How to Create Classroom Learning Spaces that Support SEL

How to Create Classroom Learning Spaces that Support SEL

Although COVID is no longer considered a public health emergency, schools still face long-term academic and mental health challenges. In response, some have integrated social emotional learning (SEL) lessons and activities into instruction and expanded their schoolwide support services. While these measures are invaluable, solving the crisis will require further steps—and designing creative learning spaces to support SEL, mental health, and behavior can help.

Student mental health and wellbeing have been declining for years, and the pandemic only exacerbated this trend. According to the CDC, 42 percent of children report feeling hopeless.

As students’ mental health needs have increased, behavioral problems have become a concern. An Education Week survey found that student behavior remains a key concern in schools nationwide, with 70 percent of educators saying their students misbehave more now than before the pandemic.

Why the Learning Environment Matters for SEL

Research has shown that the physical environment can significantly impact people’s stress levels. This impact, in turn, can affect students’ academic performance, focus, behavior, and wellbeing.

The design of classrooms and other learning spaces can affect students’ stress levels and emotions in many ways. A poorly designed classroom can lead to distractions that hamper learning.

For instance, the wrong type of lighting or furniture can cause physical discomfort, making it harder for students to focus on instruction. Furniture can often hamper students from building agency for their learning.

Windows that provide plenty of natural lighting and use natural wood and stone materials can encourage more positive student wellbeing, leading to better focus and behavior.

Here are five more recommendations for designing learning environments that effectively support SEL.

1. Focus on Comfort

Not surprisingly, students are able to relax, focus, and learn more successfully when they’re comfortable. To ensure students can work comfortably while seated, tables, desks, and chairs should be ergonomically designed and age-appropriate. Height-adjustable desks create a comfortable workspace for students, who can easily raise or lower the height of their desks to the right level they need to be productive.

Environmental factors such as lighting, acoustics, temperature, and air quality should be at optimum levels for learning. Students with sensory processing concerns, in particular, might be overly sensitive to light and sound.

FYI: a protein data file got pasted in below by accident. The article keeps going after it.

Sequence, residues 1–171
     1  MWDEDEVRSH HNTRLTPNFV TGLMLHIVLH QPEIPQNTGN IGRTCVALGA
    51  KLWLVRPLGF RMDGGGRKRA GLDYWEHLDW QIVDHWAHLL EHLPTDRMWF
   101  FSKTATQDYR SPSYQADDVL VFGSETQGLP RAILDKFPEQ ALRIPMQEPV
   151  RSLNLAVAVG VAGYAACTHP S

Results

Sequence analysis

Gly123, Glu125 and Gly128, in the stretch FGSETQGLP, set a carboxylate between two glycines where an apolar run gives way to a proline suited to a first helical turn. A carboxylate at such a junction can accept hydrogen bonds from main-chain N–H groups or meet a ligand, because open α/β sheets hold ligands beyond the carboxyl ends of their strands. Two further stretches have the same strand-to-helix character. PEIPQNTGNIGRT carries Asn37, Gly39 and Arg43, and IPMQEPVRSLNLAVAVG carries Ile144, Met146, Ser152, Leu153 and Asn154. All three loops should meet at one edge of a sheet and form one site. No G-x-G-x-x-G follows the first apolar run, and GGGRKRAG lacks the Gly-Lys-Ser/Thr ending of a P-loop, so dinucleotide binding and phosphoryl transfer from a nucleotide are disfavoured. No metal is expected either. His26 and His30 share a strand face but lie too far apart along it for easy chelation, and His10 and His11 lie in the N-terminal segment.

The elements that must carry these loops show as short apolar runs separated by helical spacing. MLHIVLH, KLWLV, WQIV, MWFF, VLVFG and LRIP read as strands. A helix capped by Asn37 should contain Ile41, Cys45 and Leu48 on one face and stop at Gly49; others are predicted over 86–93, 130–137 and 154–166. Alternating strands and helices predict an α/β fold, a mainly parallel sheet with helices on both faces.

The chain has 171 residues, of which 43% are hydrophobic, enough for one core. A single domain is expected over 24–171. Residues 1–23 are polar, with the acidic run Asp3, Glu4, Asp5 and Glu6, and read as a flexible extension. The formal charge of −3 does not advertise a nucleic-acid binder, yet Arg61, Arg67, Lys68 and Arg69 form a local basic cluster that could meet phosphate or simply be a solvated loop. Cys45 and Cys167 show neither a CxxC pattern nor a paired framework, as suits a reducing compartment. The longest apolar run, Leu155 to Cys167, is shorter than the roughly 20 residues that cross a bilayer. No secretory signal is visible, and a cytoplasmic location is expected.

To maximize students’ ability to focus and learn, schools should use natural lighting wherever possible and avoid fluorescent lights. Instead, choose warmer, recessed lighting sources. If replacing bulbs or light fixtures is out of the question, light filters can provide an affordable option for softening classroom lighting. For instance, Cozy Shades consist of flame-retardant cloth hung below standard fluorescent lighting fixtures, muting some of the aggressive-feeling rays that can cause anxiety or headaches.

2. Give Students Plenty of Choices

Choice makes classrooms and other learning spaces feel more inclusive. Multiple seating styles can accommodate different learning preferences and help students feel more welcome.

Because some students are sensitive to certain types of materials, learning spaces should offer seating options with different fabrics and surface types. This gives students who have sensory processing disorders a variety of options to choose from. Many students on the autism spectrum have sensory processing issues and are overly sensitive to touch.

Choice is also important because it gives students ownership of their learning, which leads to deeper engagement. Students are more invested in their education if they feel in charge of their learning. Giving students choices in where to sit promotes responsible decision-making and builds confidence, which helps with their social and emotional well-being. Classrooms that include multiple seating options—such as standing desks, soft seating, and traditional desks and tables—help students make their own choices to support how they learn best.

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The hallways at Hazleton Area Academy in Erie, Pennsylvania, offer a wide variety of gathering spaces and seating options. Interior Design, Furnishings, and Project Management by Projects By Design® from School Specialty®

3. Foster Connection

Students need a sense of connection with each other and with their teachers in order to thrive. “Students who report feeling connected to, supported by, and respected by their peers demonstrate higher levels of engagement in school and report feeling more connected to their school,” the CDC observes. Learning spaces should be designed to facilitate interaction between students, their teacher, and their peers.